October 5, 2001

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AO-40 Update

Graham, VK5AGR, AO-40 command station team member, told ANS that as part of the commissioning procedures for the satellite, a prolonged RUDAK session was scheduled for orbit 432, from MA=7 to MA=86. No middle beacon or transponder operation will be allowed during this period.

AO-40 activity continues.

Wayne, W9AE, reports a new country (for him) on AO-40, working Shun, KH0/K7WD, who is on a DXpedition in Saipan.

Al, W5LUA, reported to ANS that as of early October, he was able to receive the 24 GHz beacon from AO-40. Al reports that beacon peaked at 7 dB over the noise, with some fading noted. W5LUA uses a transverter with a dual conversion scheme which down-converts to approximately 1994 MHz and then further down-converts to 144 MHz. Al reports the dual conversion scheme offers greater image rejection because of the high (first) IF frequency.

Trevor, VK5NC, reported receiving the K-band signal from AO-40 at Mount Gambier, in South Australia. The signal was 6-7 dB above the noise.

AO-40 is currently in a long period during which the Earth eclipses the Sun near perigee. These actually began about August 28th, and will rapidly increase in length. The will continue well into June 2002. During September, eclipses peaked at 85 minutes in duration.

For the current transponder operating schedule visit

Stay tuned to ANS, the official source of AO-40 information.

[ANS thanks AMSAT-NA, AMSAT-DL and the ARRL for this information]

Kodiak Star Mission Successful

The Kodiak Star mission lifted off into beautiful blue skies from the Kodiak Launch Complex in Alaska at 02:40 UTC on September 30, 2001. The launch had been delayed due to the energetic proton flux from a recent solar flare, the only minor problem in an otherwise flawless countdown.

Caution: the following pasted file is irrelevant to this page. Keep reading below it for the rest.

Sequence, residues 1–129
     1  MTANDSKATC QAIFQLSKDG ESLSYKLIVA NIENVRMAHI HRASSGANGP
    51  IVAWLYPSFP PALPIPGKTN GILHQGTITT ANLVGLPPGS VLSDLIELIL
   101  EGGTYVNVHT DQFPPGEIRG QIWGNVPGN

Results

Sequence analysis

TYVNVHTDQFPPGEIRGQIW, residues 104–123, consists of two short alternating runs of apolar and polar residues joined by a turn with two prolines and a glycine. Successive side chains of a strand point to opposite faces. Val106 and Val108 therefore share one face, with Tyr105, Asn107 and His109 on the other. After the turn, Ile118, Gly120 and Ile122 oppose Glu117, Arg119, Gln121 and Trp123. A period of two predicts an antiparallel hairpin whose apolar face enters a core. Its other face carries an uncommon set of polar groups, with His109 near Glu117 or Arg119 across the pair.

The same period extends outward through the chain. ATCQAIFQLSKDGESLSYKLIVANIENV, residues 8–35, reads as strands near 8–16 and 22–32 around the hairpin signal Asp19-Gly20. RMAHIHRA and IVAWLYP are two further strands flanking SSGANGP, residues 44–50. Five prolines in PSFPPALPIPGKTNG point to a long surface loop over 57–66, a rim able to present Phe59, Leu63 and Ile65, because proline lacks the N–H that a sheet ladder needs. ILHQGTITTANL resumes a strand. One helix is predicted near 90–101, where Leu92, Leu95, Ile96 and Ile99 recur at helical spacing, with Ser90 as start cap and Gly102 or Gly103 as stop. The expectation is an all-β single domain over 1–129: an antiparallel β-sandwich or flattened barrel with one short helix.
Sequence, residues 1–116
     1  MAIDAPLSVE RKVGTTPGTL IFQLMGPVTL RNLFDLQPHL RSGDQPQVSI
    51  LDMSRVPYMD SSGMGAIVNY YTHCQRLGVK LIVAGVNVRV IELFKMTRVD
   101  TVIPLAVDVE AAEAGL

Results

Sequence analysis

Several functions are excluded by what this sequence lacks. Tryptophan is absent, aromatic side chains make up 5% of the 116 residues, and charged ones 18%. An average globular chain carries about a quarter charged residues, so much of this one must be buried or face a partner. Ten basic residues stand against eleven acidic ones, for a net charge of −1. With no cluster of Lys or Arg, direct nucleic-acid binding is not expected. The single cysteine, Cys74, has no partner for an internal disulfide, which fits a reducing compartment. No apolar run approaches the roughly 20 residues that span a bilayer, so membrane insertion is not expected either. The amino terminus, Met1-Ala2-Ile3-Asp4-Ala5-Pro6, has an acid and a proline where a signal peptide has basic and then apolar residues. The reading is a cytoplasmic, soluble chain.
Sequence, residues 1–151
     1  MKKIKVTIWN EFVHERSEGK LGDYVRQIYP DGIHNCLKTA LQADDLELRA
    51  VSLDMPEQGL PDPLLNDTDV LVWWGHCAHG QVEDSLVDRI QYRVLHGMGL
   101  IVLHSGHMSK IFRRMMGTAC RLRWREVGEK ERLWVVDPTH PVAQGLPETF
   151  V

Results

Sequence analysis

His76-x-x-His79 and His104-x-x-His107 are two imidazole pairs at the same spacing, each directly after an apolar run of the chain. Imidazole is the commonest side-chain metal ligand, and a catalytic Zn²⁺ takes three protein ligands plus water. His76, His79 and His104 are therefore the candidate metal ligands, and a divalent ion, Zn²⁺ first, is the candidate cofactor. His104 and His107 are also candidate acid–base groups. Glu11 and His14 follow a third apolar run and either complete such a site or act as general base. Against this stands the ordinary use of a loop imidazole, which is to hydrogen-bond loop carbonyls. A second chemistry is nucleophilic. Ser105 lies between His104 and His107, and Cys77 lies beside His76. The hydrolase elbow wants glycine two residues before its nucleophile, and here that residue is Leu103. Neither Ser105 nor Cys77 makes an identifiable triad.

The Kodiak Star payload included the APRS-equipped PCSat, built by midshipmen from the U.S. Naval Academy under the guidance of AMSAT-NA member Bob Bruninga, WB4APR.

PCSat is a 1200-baud APRS digipeater designed for use by amateurs using hand-held transceivers or mobiles. Bruninga reports that PCSat successfully separated and immediately began transmitting 1200 baud AX.25 AFSK telemetry on 145.825 MHz.

WB4APR told ANS that as of October 3, 2001 PCSat had been enabled for user access.

Also carried into space with PCSat were the Starshine-3 and Sapphire payloads. Starshine-3 is a mirror ball with AX.25 9600 baud telemetry on 145.825 MHz. Sapphire has 1200-baud AX.25 telemetry and a voice replay on 437.100 MHz.

Lee, KU4OS, reported hearing PCSat during an early morning's pass, telling ANS "that signals sounded full quieting and showed S-5 to 7." Bob, WB5MZO, copied Sapphire with "good signals as it swung across the eastern coast." A nice and clear visual pass of Starshine over Buenos Aires, Argentina, was reported by Gustavo, LW2DTZ.

WB4APR, told ANS that "we are humbled at all the great effort all around the world that was made to feed live data as PCSat took to the skies!"

For more information, visit the PCSat web site at

Sapphire data can be found at

The Starshine web site is at

[ANS thanks Bob Bruninga, WB4APR, SpaceDaily and the ARRL for this information]

AMSAT-NA Symposium Underway

As this edition of ANS was broadcast, the AMSAT-NA 2001 Symposium and Annual Meeting was underway.

The Symposium is under the direction of Chairman Steve Diggs, W4EPI. Paul Middleton, K4NUH, the national sales manager for Kenwood USA will speak at the Saturday night banquet. The subject of Paul's presentation will be 'Amateur Radio - Hobby and Industry'.

Station W4O has been active as an ARRL-sanctioned Special Event Station during the Symposium. W4O is active on HF, several satellites, along with local VHF/UHF FM voice and APRS. Over 100 contacts had been made by W4O as this edition of ANS was broadcast.

A Field Ops Breakfast was scheduled for Sunday, along with the AMSAT-NA annual meeting.

[ANS thanks AMSAT-NA for this information]

ANS in Brief

ANS news in brief this week includes the following:

Weekly Satellite Report

Link to the weekly report on satellite ...

All Satellites
ISS . RS-12 . RS-13 . RS-15 . AO-10 . UO-11 . UO-14 . AO-16 . DO-17 . WO-18 . LO-19 . FO-20 . UO-22 . KO-23 . KO-25 . IO-26 . AO-27 . FO-29 . TO-31 . GO-32 . SO-33 . PO-34 . SO-35 . UO-36 . AO-40 . SO-41 . SO-42

Please send any amateur satellite news or reports to the ANS Editors at, or to ANS Editor Dan James, NN0DJ, at

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This week's AMSAT News Service bulletins were edited by AMSAT  News Service editor Dan James, NN0DJ.